Oldtimer • 16 days ago There are more secularisms in
India than religions, so you better
disclose right upfront which secularism you belong to… European secularism is
not secular (don't ask me according to which definition of secular). It is a
jasonbourne • 16 days ago People like Ambedkar make this wrong assumption that Hindus have to follow Manu Smriti which never was the case. Manu like Kamasutra became famous because of the British. So we should stop obsessing over Manu smriti which was never meant to be infallible in the first place.
Vijay Kumar • 14 days ago • parent Hinduism is brought into the discussion because Hindutva is offering a resistance to move towards secular/liberal position (which would be in line with the first amendment, as supported by Mr. Harsh Gupta).
Susheel Mehta • 16 days ago Dear Harsha, Thanks for a wonderful write-up. As always your arguments are marvels of clarity. But I would like to register specific issues of disagreement: 1. You confuse Dharma with Dharmashastras. That is akin to confusing Physics the subject with Physics the book written by Aristotle. While the former is more of a meta-framework, the latter a seminal and important contribution, but not the last word…
7. I may be wrong about my contentions. But the point is that social theorists have not examined with clarity the strength and challenges of our society and its internal dynamics. Rather the idea is always to look it through western experience.
Nizken September 24, 2012 at 12:38 am Sandeep, just curious…..where and how do you find the time to post all this information from?
Sandeep September 24, 2012 at 1:35 pm The pedestrian explanation is that it is the work of several years. The modern yogi has to know western philosophy, other religions, linguistics, physics, biology, psychology, neuroscience, sociology because they are all investigating, albeit partially, the same realm of consciousness. The spiritual explanation is that other burdens are decreased with progress on the spiritual path… Sandeep December 29, 2011 at 11:35 am Some people might call us loony as well for believing in the existence of occult spirits
Karl Popper, the enemy of certainty, part 4: Lakatos, Kuhn and Feyerabend The Guardian (blog) - Oct 1, 2012 Liz Williams This diverse trio drove the philosophy of science forwards with their responses to Popper's theory of falsification
Lakatos's views form a halfway house between Kuhn and Popper (he was a student of the latter), and his approach is often considered to be a more nuanced form of falsificationism.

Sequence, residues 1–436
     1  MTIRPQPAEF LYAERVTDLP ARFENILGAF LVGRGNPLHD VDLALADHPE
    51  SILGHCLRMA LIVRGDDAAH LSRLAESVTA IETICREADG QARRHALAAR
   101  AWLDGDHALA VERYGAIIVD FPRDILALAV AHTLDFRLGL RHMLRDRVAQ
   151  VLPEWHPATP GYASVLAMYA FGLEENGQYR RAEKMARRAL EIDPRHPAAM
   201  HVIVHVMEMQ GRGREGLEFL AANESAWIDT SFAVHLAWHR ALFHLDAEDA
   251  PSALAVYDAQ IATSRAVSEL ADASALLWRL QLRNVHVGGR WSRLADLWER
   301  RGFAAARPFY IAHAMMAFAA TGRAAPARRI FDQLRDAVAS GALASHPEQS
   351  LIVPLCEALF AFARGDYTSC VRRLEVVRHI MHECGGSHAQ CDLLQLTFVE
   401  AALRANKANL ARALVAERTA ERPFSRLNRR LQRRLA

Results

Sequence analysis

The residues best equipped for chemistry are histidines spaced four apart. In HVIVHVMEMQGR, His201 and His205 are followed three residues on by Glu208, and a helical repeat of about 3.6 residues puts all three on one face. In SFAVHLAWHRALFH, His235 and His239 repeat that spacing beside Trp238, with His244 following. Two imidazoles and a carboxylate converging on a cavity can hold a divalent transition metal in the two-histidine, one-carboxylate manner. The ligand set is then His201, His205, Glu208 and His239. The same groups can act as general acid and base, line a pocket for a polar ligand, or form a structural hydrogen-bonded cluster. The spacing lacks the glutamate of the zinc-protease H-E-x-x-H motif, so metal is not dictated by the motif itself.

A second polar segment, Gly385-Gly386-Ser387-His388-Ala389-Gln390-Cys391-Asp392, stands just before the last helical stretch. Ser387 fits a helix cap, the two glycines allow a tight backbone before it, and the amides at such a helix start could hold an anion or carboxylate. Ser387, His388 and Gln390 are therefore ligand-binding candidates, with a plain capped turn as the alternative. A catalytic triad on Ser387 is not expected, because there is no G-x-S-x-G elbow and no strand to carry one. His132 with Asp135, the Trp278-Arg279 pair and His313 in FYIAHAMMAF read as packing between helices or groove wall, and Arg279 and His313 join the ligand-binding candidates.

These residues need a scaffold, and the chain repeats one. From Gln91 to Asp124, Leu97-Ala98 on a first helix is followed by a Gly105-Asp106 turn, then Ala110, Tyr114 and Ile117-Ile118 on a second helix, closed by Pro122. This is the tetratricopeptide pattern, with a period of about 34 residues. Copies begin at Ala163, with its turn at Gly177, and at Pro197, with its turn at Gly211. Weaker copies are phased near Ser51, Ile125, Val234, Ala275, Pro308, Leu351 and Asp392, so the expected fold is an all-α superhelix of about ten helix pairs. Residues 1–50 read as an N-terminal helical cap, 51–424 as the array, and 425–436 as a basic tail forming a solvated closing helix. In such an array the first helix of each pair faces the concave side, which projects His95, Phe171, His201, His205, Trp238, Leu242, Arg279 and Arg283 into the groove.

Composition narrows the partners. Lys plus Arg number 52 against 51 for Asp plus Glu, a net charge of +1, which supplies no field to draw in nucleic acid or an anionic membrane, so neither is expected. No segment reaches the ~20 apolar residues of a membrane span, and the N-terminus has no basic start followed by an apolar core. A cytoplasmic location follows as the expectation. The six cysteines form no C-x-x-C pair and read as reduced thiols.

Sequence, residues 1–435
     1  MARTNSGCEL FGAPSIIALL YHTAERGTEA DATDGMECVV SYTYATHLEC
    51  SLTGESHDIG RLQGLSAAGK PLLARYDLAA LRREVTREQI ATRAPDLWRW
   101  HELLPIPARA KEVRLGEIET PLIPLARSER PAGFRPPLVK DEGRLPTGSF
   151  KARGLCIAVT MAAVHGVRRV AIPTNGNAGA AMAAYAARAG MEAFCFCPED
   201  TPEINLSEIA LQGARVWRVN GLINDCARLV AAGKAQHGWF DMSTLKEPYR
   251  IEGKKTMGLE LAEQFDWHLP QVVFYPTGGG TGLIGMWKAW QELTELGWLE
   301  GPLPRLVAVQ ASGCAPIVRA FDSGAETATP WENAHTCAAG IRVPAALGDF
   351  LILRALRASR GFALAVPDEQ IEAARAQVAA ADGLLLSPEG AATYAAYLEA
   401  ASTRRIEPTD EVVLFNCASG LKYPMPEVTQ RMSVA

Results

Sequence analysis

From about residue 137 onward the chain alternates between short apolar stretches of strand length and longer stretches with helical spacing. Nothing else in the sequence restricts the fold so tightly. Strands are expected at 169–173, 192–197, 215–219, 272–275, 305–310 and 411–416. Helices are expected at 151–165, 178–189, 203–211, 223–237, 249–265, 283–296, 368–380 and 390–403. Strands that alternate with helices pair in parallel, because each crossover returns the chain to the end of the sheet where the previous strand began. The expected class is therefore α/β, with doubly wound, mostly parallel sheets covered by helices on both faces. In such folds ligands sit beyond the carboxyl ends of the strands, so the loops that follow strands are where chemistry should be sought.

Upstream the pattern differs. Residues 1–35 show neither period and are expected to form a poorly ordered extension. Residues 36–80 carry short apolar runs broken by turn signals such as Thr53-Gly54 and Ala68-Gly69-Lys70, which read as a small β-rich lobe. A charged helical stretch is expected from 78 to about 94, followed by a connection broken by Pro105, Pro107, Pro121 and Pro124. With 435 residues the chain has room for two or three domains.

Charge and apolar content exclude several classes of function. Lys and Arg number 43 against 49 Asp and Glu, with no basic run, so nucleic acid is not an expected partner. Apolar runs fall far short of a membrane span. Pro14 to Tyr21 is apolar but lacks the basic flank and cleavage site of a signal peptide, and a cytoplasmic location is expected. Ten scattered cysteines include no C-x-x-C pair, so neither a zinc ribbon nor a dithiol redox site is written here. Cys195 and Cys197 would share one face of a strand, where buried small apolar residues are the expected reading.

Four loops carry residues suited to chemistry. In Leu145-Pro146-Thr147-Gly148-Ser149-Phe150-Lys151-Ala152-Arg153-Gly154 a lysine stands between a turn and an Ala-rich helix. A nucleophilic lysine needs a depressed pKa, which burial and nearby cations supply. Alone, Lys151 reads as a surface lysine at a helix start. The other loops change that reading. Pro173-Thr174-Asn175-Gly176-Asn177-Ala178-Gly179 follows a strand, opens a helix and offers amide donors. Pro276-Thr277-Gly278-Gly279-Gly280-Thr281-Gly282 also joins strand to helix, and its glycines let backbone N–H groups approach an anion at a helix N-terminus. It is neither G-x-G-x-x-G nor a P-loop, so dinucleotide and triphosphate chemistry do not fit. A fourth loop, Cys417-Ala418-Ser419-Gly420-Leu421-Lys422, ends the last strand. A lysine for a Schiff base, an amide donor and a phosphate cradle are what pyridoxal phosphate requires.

A more anarchic approach – literally – is offered by Feyerabend. Auxiliary hypotheses are critical, he argues, but may be irrational. In fact, it's impossible to develop any set of methodological rules by which scientists work: ad hoc, rule-breaking postulates are the order of the day. We seem to be heading at full speed towards epistemological relativism here, and indeed, according to Feyerabend, this is the case: not only does science fail to proceed according to fixed principles, but it doesn't deserve its epistemic privileges, either. Far out! So if your preference is for Feyerabend over Popper, astrologers might be on to something, after all.
Occam’s razor, which essentially is the concept that when all other things are equal, the simplest explanation will tend to be the best, is a useful conceptual tool in many fields of life, and helps us avoid bogging down in needless complexity,–thereby helping us sort out theories that have “too many moving parts” to sustain serious scrutiny. This is especially helpful when it comes to practical matters in the material world, but it is not always the answer! Sri Aurobindo uses the example of the simple explanation of the “theory of the spheres” as an explanation of astronomical events. Today we have a much more detailed and complex understanding, as well as the ability to observe many more facts that need to be covered by any solution.
This becomes a question because the theory of rebirth and the corollary law of karma actually is a quite good example of “Occam’s razor”. Sri Aurobindo explains: “The theory of rebirth coupled with that of Karma gives us a simple, symmetrical, beautiful explanation of things…”